Our sponsors

Sponsored by PM Winter Boat Covers

Sponsored by PO Box Zone

Sponsored by RV Upgrades

 Sponsored by Winnebago Industries

Sponsored by Composet Products

Sponsored by EPDM Coatings

Sponsored by Smart RV Products

Sponsored by Custom Yacht Interiors

Over The Network

Legal residency and domicile

by Denny Cunninham, January 1999

Your state of legal residence is important, because it is one of the key factors in determining, among other things, your liability for state income taxes, eligibility for "in-state" tuition rates, eligibility for voting in state and federal elections, and where your will is probated.

One factor contributing to the confusion is the number of different terms that mean almost, but not quite, the same thing. In this case, these slight differences can have significant consequences, so it's important to understand the terms correctly. Let's define them right now.

"State of legal residence" (SLR) and "domicile" mean the same thing, namely your true, fixed, and permanent abode. It is your permanent home, i.e., the place where, while you are absent from it, you intend to return to. For example, a soldier with a SLR in Oregon leaves the state on military orders, but intends to go back to Oregon after leaving the military. Oregon is his permanent home, even though he is temporarily absent from it due to military orders. The soldier might never be stationed in Oregon during a thirty-year military career, and yet Oregon would remain the soldier's SLR for the entire thirty-year period.

"Residence" means the place where you are actually living. By itself, residence usually has little or no legal significance.

"Statutory resident" is very similar to "residence" in that it refers to the state where you are actually living. This term is used to describe a certain category of persons who are liable for state income taxes. For example, in some states, someone who is physically present in that state for a specified period of time is considered to be a statutory resident and therefore liable for state income taxes in that state. This is one time that "residence" does have some legal significance. It is important to note that a statutory resident of State A may still retain State B as the SLR and may be required to file a tax return in State B, too.

Every U.S. citizen has a SLR. For most people, there is no question about where their SLR is. For anyone who isn't sure, figuring out which state is their SLR is probably easier if they start from the beginning. Every citizen acquires a SLR at birth, namely the same SLR as their parents. A child has the same SLR as the parents, including any changes, until the child reaches the age of majority. After that, the child can change its SLR on its own.

Changing your SLR has two and only two requirements.

  • First, you must be physically present in the new state. You don't have to be present for any particular length of time. Theoretically, a few minutes or hours would be sufficient. As a practical matter, however, several weeks or months might be necessary, if your residency status is ever challenged in court.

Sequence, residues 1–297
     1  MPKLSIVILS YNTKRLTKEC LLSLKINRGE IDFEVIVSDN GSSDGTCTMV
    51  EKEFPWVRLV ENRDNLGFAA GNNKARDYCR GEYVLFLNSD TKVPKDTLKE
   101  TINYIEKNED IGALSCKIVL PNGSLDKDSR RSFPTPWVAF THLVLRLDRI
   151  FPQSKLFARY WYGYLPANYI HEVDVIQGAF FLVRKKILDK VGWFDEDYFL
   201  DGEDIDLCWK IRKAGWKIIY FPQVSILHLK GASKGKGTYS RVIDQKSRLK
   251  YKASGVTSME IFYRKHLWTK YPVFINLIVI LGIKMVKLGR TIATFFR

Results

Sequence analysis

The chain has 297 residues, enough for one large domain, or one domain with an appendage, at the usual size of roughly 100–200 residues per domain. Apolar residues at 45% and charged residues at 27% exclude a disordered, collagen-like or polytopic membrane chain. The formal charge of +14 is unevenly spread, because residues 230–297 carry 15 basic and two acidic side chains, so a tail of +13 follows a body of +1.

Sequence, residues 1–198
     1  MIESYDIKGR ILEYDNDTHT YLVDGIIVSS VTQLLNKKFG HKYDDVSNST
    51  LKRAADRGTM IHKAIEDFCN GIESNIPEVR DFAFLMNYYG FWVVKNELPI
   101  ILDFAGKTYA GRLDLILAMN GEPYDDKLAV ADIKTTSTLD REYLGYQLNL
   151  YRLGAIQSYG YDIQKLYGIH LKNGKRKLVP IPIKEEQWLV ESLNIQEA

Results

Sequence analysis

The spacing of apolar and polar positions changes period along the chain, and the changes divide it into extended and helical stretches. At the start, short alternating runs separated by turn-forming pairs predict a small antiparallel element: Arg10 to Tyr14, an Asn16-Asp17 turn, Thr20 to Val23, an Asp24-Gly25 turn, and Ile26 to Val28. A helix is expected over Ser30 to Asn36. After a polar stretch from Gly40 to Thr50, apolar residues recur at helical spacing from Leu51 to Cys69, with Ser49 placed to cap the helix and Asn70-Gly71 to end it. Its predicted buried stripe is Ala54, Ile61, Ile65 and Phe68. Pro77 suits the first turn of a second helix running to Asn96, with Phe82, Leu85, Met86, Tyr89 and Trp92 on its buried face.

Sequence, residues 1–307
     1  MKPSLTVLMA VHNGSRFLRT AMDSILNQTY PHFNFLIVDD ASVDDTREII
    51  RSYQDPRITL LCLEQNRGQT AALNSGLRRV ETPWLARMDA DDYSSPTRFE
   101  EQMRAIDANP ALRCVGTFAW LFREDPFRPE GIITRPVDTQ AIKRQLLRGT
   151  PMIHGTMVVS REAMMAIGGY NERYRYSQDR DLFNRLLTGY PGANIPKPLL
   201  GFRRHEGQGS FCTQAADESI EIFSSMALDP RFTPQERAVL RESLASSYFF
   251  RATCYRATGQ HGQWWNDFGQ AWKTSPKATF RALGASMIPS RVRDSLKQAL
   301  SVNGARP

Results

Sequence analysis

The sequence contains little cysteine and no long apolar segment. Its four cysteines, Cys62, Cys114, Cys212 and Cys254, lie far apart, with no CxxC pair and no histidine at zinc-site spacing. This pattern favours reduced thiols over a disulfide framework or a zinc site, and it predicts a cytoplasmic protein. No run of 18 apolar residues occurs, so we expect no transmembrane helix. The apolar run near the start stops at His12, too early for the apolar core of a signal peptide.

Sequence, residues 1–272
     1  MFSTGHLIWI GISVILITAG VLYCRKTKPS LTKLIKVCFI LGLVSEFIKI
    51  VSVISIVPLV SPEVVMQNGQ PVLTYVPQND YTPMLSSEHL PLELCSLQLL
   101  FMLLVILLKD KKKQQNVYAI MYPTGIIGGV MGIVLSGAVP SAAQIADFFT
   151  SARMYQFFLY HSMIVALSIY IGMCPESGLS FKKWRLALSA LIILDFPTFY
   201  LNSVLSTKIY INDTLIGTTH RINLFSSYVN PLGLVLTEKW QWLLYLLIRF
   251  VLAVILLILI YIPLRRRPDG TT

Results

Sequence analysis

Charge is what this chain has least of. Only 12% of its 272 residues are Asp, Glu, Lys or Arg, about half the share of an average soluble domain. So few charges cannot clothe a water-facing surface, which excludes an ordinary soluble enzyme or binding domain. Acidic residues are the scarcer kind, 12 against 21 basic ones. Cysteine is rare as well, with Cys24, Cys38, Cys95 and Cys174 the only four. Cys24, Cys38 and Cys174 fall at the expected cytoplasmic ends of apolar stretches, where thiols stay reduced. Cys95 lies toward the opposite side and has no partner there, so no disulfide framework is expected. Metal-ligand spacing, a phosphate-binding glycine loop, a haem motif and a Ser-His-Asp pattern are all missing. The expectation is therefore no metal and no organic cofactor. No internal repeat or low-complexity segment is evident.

• Second, while you are physically present, you must have the intention of making that state your new SLR and of ending your residency in the former state.

Those two requirements are all that's necessary. You don't have to buy property in the new state, open a bank account there, vote, get a driver's license, file a legal notice in the paper, or anything else. Physical presence, combined simultaneously with the appropriate mental intent, is all that's required.

Unfortunately, proving mental intent can be difficult sometimes. So to prove that you really did intend to make the new state your SLR, it might be a good idea to do some or all of the things mentioned above, with the understanding that those actions are not what make you a legal resident; rather they are simply evidence that you did intend to make the state your SLR.

There is one situation where you may be able to change your SLR without meeting the physical presence test. If you marry a resident of a different state, you might be allowed to claim your spouse's SLR as your SLR, or vice versa, without ever having been physically present in that state. This is a somewhat aggressive strategy, but there is some support for it. The marital relationship is so significant that, by itself, it may give the spouse a close enough connection to the new state to justify claiming the new state as the SLR. There is substantial historical precedent for this argument. Earlier this century, when a woman married a man from a different state, the woman became a legal resident of the man's SLR by operation of law. Those laws no longer exist, but that helps demonstrate the legal significance of the marital relationship and the type of legal consequences that can result from marriage.

If you change your SLR, there are certain actions you should take.

  • You must be consistent. If you are a legal resident of State A, then you shouldn't keep your driver's license from State B or vote in State C. Inconsistency is probably the single biggest mistake that people make in this area.
  • There is no need to publish a notice or file any documents with the state Attorney General's Office or anything like that.
  • If both the old and new states have an income tax, and if you moved on any day other than January 1, then you will have to file part-year returns in both states. For the first state, you report the income you had before moving to the new state. For the new state, you report the income earned after becoming a resident of the new state.

Remember, each case is different. This summary gives you general information only. It is not intended to substitute for talking with a lawyer.